I just always marvel at how everything that has happened since you last saw each other doesn't really matter when you reconnect with someone. It means more stories of adventures and challenges and less time, maybe, to talk about the books you've been reading or other small things. The great thing about an old friend is that there is no pretense, no need to impress, just the delight in each other's company.
When Jamie called me and we made plans to have dinner the following night, I immediately thought: I should bake a cake! I should make a really fabulous special dinner. But it was eight-thirty at night, I was tired, and I had to work all day the next day. My elaborate quickly faded. The next day, after a walk, and some tea, I suggested to Jamie that I could make risotto (which I don't think she found in Thailand). As the rice bubbled away, I was still racking my brains for some sort of celebratory dessert. I began shuffling through cookbooks to see if there was anything I could make with what I had on hand. I don't remember how I came upon the chocolate pudding cake, but it sounded good and it seemed ridiculously easy to throw together.
Its actually a version of something my mom used to make, called Denver Chocolate Pudding. I think I would call it Chocolate Lava Cake or Chocolate Swamp Cake. The point is that, while its not pretty, it can be made in just a few minutes and bubble away in the oven while you eat dinner and listed to stories from far away lands. It's sort of a step down from all of the incredibly rich dark chocolatey desserts which certainly have their place, but its perfect for a Monday night dinner with a good friend.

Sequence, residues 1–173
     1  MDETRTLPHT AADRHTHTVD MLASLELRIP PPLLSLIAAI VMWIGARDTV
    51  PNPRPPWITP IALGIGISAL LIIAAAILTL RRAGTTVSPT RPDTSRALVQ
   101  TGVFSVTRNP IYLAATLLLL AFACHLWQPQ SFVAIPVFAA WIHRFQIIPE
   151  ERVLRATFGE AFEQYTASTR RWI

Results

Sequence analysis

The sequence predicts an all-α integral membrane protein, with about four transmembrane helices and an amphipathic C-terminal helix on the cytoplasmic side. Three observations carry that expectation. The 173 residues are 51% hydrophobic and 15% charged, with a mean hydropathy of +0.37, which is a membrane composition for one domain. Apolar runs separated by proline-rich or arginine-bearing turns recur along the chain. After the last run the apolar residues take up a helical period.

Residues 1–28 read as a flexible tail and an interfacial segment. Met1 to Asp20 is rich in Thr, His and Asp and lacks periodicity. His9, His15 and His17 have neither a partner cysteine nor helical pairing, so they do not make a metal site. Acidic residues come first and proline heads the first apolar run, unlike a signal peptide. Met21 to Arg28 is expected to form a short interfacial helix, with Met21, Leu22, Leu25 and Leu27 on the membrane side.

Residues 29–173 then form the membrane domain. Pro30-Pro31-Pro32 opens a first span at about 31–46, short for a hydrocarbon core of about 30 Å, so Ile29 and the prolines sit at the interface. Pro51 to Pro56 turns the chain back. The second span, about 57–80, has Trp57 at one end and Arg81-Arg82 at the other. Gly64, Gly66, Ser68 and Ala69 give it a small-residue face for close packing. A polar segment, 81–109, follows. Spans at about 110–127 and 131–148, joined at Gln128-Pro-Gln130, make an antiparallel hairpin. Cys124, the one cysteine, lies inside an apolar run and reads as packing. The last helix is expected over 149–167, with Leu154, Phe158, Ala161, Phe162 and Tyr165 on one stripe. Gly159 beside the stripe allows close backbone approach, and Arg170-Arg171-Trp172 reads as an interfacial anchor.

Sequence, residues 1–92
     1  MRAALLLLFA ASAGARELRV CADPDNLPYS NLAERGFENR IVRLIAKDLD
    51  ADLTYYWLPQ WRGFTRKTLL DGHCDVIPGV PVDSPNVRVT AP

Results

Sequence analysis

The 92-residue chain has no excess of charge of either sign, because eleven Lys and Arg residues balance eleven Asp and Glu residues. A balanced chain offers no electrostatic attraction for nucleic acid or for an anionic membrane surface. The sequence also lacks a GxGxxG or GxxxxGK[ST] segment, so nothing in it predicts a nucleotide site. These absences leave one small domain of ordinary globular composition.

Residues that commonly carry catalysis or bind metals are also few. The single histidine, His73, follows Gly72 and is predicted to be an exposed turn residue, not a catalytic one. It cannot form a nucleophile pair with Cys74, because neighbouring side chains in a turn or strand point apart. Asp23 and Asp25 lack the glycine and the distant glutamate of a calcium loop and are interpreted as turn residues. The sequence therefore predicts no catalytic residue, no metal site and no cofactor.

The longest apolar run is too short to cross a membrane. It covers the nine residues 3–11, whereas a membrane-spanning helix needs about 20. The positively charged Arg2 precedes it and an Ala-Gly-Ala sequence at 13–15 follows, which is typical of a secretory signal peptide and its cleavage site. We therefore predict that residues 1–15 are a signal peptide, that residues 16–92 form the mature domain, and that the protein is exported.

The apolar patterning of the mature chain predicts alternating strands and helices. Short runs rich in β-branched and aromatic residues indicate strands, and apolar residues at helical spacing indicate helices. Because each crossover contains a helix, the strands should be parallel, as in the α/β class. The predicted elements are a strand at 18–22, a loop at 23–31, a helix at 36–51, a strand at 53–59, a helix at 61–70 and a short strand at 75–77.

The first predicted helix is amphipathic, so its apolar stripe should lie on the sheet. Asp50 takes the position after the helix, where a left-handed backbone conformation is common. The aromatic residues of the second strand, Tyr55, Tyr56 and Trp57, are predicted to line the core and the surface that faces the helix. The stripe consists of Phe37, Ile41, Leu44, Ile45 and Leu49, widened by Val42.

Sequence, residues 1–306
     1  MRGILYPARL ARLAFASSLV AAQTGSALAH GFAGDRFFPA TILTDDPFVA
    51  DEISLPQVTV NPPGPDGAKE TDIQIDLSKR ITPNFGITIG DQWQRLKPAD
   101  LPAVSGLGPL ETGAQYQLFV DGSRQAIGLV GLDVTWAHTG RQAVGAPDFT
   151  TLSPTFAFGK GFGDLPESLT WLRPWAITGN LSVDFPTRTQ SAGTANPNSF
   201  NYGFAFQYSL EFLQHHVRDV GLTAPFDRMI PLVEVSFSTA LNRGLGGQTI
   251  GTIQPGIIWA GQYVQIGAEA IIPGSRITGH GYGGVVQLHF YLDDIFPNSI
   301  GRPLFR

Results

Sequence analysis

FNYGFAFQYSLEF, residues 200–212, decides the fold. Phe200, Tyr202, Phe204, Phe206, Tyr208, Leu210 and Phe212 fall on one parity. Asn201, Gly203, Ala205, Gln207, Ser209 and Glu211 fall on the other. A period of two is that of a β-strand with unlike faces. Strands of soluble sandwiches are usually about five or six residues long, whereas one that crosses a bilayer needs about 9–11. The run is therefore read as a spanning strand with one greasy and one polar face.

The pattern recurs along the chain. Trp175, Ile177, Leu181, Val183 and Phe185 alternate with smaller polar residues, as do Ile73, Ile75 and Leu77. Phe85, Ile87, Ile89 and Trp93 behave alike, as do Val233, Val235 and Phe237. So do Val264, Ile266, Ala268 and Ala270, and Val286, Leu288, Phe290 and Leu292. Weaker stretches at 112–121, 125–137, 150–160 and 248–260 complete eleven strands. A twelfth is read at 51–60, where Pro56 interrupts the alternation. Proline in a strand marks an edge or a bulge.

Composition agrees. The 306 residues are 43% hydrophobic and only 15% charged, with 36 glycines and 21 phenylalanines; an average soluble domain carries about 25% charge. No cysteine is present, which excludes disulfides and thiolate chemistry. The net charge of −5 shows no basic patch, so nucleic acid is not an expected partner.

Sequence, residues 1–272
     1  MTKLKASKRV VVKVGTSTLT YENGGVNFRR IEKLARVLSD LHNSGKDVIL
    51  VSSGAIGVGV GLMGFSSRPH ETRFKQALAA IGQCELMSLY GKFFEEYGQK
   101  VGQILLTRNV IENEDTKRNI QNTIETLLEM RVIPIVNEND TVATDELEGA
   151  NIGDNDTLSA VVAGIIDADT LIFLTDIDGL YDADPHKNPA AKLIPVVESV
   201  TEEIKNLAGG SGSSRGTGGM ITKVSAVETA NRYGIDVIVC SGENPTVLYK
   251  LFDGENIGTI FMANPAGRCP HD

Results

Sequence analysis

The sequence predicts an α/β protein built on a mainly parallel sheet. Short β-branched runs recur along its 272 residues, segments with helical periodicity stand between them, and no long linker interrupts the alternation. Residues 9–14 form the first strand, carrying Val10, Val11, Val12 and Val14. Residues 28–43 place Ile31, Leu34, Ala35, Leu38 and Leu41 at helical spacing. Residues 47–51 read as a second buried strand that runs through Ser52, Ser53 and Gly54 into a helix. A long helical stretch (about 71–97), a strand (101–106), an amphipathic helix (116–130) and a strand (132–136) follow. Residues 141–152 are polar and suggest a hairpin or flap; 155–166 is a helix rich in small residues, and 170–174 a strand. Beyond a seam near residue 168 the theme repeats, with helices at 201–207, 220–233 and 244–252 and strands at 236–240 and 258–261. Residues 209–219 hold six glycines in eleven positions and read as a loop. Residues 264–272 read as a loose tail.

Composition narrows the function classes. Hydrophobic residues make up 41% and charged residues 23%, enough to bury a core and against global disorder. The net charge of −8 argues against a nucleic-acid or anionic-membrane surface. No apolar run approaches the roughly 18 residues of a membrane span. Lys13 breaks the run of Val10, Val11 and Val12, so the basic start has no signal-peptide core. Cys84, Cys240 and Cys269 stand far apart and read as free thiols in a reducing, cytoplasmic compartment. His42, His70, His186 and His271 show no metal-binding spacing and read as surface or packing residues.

Chocolate Lava Pudding Cake
Chocolate Lava Pudding Cake
Adapted from Moosewood Restaurant Celebrates
It may look slightly scary, but its a wonderful combination of spongy cake and gooey pudding. Be sure to admire the molten chocolate lava that comes bubbling up from the cake when it is ready. I would let it cool quite a bit before tasting, to prevent burnt tongues but also because it will have a more pudding-like consistency. You could use soy milk instead of milk and it probably wouldn't be hard to substitute a gluten-free flour mix. On the other hand, I think it is best served with lots of whipped cream. To make it more chocolatey, increase the amount of cocoa slightly or use hot coffee instead of boiling water.
1 cup granulated sugar
1/2 cup unsweetened cocoa powder
1 cup flour
2 teaspoons baking powder
1/2 teaspoon baking soda
1/4 teaspoon salt
1/2 cup milk (or soy milk)
1/4 cup vegetable oil
1 teaspoon pure vanilla extract
1/2 cup brown sugar, packed
1 1/2 cups boiling water
Preheat the oven to 350 degrees. Oil a 9x13 inch glass baking pan
In a mixing bowl combine 3/4 cup of granulated sugar, 1/4 cup of the cocoa with the flour, baking powder, baking soda and salt. Stir in the milk, oil and vanilla and beat well to form a thick batter. Spread this batter into the prepared pan.
In a separate bowl, mix together brown sugar with the remaining granulated sugar and cocoa. Sprinkle the mixture evenly over the top of the batter in the pan. Pout boiling water over the whole thing.
Bake until the cake is set around the sides and the top is loose and bubbling, 20 to 25 minutes. Cool for at least 15 minutes before serving.